The competition between Ethereum’s Layer 2 blockchains will soon become a full-blown contest for supremacy in scaling the No. 1 smart chain network. The L2 wars have begun, and escalation is imminent.
The top combatants, Arbitrum and Optimism will soon be joined by new entrants. They will all be competing for the users and devs even as the founders spar over which blockchain is the top performer and the most secure.
Last Thursday, Coinbase elbowed its way into the arena with plans to build a new Layer 2 blockchain using Optimism’s codebase. With 110M potential users, the deal was a shot in the arm for the Layer 2, which has been trailing industry leader Arbitrum but now is poised to partner with one of the industry’s biggest U.S.-based companies.
Arbitrum isn’t standing still. The two-year-old market leader briefly vaulted past Ethereum last week in terms of daily transactions. But Optimism, a distant second, says it would like to see a future with less competition, and more collaboration: a business model it dubs the “superchain.”
When it comes to DeFi, collaboration and community have been the watchwords for years. But the contest to scale Ethereum highlights the unique nature of business in an industry where the notion of trade secrets can be frowned upon, and developers often make their code public for competitors to view and potentially copy.
Networks of Chains
It also brings the nascency of businesses in this sub-field into sharp focus. It’s a market, where companies are valued in the billions even though the number of daily customers is measured in the tens of thousands.
“Building out these networks of chains is like a new, incredibly f**king exciting concept that we’re introducing here,” Optimism co-founder Ben Jones told The Defiant. “It’s not at all, from our perspective, a matter of competition.”
The end goal would mark a radical change in the Layer 2 ecosystem, one in which rollups leave their silos for a shared ecosystem and use a shared standard to order transactions posted to Ethereum.
Layer 2 blockchains, also known as “rollups,” batch and compress user transactions before appending them to the Ethereum blockchain. Doing so makes it possible to use Ethereum while avoiding its notoriously high fees and sluggish execution.
Proponents say rollups are central to the future of Ethereum because they are the technology that will make the network fast and cheap enough to accommodate billions of users.
This won’t happen unless the various companies building rollups set aside their differences, according to Jones and Jesse Pollak, Coinbase’s head of protocols.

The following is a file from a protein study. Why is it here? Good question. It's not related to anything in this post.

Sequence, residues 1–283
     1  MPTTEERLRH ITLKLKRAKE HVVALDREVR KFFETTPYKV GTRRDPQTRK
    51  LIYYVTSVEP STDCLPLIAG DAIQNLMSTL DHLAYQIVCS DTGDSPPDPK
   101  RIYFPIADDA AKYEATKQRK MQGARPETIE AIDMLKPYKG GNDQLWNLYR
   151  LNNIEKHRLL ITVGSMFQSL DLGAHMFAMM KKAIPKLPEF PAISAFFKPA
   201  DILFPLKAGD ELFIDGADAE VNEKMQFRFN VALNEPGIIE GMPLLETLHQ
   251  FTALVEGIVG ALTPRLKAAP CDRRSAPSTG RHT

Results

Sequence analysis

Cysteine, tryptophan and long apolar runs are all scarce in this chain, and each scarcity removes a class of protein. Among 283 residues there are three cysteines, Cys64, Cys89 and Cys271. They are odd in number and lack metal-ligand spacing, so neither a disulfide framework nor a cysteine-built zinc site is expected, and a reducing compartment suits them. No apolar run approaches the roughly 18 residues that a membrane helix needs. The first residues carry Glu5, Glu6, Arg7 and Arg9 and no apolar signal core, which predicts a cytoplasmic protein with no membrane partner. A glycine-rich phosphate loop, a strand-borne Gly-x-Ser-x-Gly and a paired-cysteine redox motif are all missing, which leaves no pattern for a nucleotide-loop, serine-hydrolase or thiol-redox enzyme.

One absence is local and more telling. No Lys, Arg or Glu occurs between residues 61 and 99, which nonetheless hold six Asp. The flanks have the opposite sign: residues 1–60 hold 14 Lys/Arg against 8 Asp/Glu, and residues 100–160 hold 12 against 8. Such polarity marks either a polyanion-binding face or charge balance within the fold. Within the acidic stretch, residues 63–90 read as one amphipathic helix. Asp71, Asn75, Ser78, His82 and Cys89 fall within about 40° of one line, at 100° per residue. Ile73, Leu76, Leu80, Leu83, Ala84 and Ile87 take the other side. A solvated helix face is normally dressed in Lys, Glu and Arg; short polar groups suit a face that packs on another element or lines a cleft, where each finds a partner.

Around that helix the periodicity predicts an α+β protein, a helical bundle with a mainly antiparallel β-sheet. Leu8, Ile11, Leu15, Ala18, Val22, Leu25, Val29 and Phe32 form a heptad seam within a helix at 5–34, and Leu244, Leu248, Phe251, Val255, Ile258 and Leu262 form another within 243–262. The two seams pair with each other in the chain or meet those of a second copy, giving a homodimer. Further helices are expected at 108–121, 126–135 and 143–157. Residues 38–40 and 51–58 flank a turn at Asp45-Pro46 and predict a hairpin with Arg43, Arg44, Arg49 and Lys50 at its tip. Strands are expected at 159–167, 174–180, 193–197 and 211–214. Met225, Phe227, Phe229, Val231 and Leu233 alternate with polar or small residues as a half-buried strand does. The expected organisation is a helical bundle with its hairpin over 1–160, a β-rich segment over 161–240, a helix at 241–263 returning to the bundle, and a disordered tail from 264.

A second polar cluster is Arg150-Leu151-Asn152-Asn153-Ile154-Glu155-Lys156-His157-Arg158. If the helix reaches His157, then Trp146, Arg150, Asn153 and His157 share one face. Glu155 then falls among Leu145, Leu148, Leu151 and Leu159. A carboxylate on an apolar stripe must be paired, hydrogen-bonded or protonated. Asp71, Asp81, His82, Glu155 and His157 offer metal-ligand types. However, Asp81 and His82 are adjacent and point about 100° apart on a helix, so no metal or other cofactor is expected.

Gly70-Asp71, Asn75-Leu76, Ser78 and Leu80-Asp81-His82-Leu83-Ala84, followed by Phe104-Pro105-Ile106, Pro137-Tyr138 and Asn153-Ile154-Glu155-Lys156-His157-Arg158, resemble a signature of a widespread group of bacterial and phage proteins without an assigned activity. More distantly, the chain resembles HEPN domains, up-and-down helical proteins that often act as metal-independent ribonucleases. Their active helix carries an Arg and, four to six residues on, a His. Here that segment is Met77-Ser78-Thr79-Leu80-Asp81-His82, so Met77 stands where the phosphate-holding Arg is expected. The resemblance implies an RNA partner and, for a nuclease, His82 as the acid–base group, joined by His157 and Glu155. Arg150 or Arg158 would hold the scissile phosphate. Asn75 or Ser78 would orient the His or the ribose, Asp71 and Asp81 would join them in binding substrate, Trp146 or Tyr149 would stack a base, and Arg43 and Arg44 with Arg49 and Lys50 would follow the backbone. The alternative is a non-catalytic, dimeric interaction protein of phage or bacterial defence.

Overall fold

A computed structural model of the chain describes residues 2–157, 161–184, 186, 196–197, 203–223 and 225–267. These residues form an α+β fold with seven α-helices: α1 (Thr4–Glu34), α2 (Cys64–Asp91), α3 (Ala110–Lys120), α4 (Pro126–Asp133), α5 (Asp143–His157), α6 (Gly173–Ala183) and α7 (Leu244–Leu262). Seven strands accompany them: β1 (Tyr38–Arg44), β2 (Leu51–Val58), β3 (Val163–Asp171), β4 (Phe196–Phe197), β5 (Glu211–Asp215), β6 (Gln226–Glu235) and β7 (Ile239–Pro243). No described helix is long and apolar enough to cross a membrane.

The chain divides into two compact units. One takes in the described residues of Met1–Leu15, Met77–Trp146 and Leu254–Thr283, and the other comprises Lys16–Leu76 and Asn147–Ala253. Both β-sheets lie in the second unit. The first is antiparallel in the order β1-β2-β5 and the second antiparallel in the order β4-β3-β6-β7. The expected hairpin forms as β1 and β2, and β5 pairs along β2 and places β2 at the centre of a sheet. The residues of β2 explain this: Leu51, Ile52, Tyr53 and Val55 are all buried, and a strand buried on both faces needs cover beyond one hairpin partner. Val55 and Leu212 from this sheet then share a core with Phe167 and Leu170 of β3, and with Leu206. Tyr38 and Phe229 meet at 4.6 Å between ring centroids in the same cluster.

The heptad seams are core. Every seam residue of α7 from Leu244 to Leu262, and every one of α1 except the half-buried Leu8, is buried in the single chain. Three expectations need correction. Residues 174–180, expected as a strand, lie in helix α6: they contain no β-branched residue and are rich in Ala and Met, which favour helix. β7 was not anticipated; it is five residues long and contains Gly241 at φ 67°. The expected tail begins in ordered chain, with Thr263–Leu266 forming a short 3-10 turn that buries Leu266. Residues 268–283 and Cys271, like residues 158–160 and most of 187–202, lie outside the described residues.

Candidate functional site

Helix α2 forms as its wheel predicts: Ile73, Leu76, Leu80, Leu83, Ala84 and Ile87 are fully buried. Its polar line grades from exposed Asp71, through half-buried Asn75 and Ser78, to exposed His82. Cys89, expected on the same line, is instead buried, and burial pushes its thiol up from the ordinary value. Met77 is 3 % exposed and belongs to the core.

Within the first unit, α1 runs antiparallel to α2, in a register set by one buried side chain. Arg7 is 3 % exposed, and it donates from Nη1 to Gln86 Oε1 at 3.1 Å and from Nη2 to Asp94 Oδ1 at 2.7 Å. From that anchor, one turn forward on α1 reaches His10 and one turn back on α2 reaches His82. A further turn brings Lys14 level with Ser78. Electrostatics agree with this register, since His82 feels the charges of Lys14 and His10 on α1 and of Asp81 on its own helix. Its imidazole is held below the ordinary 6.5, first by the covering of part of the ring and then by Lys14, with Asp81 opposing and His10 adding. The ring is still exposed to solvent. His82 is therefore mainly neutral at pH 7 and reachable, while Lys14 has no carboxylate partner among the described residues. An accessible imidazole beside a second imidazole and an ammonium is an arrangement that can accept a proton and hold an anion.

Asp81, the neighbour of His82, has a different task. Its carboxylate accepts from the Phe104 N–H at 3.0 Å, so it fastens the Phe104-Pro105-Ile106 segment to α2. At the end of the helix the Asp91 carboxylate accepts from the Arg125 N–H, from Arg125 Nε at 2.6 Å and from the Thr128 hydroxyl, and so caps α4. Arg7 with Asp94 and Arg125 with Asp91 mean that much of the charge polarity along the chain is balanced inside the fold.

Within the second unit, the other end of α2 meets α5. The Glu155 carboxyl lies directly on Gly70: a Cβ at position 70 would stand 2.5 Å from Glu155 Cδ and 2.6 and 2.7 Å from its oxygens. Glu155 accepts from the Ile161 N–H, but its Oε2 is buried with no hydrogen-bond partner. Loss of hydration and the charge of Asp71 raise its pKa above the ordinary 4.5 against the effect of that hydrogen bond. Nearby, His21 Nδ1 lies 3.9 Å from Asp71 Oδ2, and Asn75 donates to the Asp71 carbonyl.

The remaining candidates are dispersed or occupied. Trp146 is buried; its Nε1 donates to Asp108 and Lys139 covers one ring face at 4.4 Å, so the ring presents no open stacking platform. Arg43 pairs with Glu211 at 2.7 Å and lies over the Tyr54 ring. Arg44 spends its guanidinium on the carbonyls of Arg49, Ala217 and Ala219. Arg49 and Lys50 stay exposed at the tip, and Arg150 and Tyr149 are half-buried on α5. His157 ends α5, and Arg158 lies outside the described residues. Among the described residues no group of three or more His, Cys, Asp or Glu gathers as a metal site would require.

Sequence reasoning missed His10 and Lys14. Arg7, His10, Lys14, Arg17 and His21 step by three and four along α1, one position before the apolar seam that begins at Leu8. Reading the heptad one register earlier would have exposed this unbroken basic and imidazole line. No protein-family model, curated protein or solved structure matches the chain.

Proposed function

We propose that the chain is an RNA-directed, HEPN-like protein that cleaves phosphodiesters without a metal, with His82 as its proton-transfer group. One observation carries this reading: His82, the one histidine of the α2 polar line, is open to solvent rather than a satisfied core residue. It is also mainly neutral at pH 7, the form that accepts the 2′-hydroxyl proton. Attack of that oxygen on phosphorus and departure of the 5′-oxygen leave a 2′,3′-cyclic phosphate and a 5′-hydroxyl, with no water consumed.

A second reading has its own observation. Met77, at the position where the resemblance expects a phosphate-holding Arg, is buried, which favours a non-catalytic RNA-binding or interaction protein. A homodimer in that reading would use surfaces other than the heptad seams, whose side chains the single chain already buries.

Pollak said it would be a mistake to think of Optimism and the new Coinbase rollup, Base, as competitors.
”What we’re gonna be able to build over the next few years is a world where Optimism and Base increasingly feel like one chain, the super-chain, and there’s actually a bunch of other chains that are interconnected with them,” Pollak said.
The L2 wars are poised to intensify this year with the long-awaited debut of rollups using zero-knowledge technology. Some experts believe that rollups powered by ZK cryptography are the most promising method of scaling Ethereum, due to their potential to improve on existing Later 2 blockchains in terms of speed and security.
Scroll, Polygon, Matter Labs and Consensus are working on zero-knowledge rollups. U.K.-based company Aztec has already built a privacy-focused rollup it likens to the “VPN of Ethereum.”
Like Optimism, Arbitrum is built on “optimistic” rollup technology, which assumes that transactions are legitimate but allows for a specified window during which they can be disputed.
Last Tuesday, Arbitrum processed 1.1M transactions, about 20,000 more than Ethereum. It was the first time a Layer 2 blockchain has surpassed Ethereum in daily transaction count. On Wednesday it repeated that feat, processing about 10,000 more transactions than Ethereum.
Arbitrum has more than half of the rollup market, according to L2BEAT. Optimism has 30%. No other rollup cracks double digits.
Arbitrum co-founder and CEO Steven Goldfeder says he doesn’t buy into the notion of a “superchain.”
“Considering all the many excellent teams in the space, I don’t think that we’re at the point where a ‘standard to rule them all’ should be developed,” he said, especially if that would mean abandoning part of Arbitrum’s technology for Optimism’s.
According to Goldfeder, Optimism won’t derive its security from Ethereum until it too introduces “fraud proofs,” technology that makes it possible for Ethereum to adjudicate disputed transactions that occur on “optimistic” rollups. Without that technology, he says, users have to trust Optimism to act in good faith. Although there’s no indication it has ever done otherwise, he continued, “trustlessness” is the name of the game in crypto.
“The notion that we’re going to sort of coalesce on one particular technology stack, a technology stack that’s not even built out today, that doesn’t have the core features that make it a Layer 2, or make it a rollup — the notion that that we do that is, I think, a bit presumptuous,” he said.
But Optimism and Coinbase say that users of crypto applications shouldn’t have to think about which rollup they use..
“The last five years have been very chain-centric,” Pollak said. “But as we think about bringing a billion people into crypto, you know, most people aren’t like, ‘Oh, I want to run this application on [Amazon Web Services],’ or, ‘I want to run this application on Google Cloud’ — they just want the [application] that they care about.”
Even if other chains were to buy into the notion of a super-chain, building one will be exceedingly difficult, Jones acknowledged.
“It would be crazy to try to build a system to take a bunch of L2s that were all written as different code bases and different architectures and make different trade-offs and turn that into one decentralized network right away,” he said.